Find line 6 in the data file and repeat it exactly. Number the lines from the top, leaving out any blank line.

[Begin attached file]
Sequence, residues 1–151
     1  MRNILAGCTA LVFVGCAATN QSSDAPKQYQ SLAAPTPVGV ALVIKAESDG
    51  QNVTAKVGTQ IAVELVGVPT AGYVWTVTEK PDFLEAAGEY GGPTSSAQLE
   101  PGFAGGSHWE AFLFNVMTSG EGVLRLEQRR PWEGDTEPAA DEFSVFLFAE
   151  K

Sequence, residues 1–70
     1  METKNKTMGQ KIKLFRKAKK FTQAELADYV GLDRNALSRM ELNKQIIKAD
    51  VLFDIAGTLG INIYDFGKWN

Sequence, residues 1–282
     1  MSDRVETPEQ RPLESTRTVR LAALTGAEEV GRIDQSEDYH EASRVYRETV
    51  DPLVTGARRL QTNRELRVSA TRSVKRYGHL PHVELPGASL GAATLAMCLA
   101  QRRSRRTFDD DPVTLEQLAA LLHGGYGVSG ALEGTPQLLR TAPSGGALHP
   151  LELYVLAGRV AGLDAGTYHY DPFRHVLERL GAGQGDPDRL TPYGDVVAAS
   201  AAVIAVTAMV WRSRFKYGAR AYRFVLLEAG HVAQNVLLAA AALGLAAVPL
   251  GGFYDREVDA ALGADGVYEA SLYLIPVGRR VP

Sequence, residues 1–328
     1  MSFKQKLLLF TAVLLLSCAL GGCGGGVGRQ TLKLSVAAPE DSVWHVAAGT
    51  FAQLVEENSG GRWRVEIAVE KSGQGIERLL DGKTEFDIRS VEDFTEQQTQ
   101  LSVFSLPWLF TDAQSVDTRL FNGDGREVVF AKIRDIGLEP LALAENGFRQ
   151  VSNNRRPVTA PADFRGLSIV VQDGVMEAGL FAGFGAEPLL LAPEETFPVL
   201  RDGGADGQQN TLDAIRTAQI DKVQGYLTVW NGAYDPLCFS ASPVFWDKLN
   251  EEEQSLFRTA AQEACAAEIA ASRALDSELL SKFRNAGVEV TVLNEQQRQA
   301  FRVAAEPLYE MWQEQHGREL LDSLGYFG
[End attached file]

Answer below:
Sequence, residues 1–70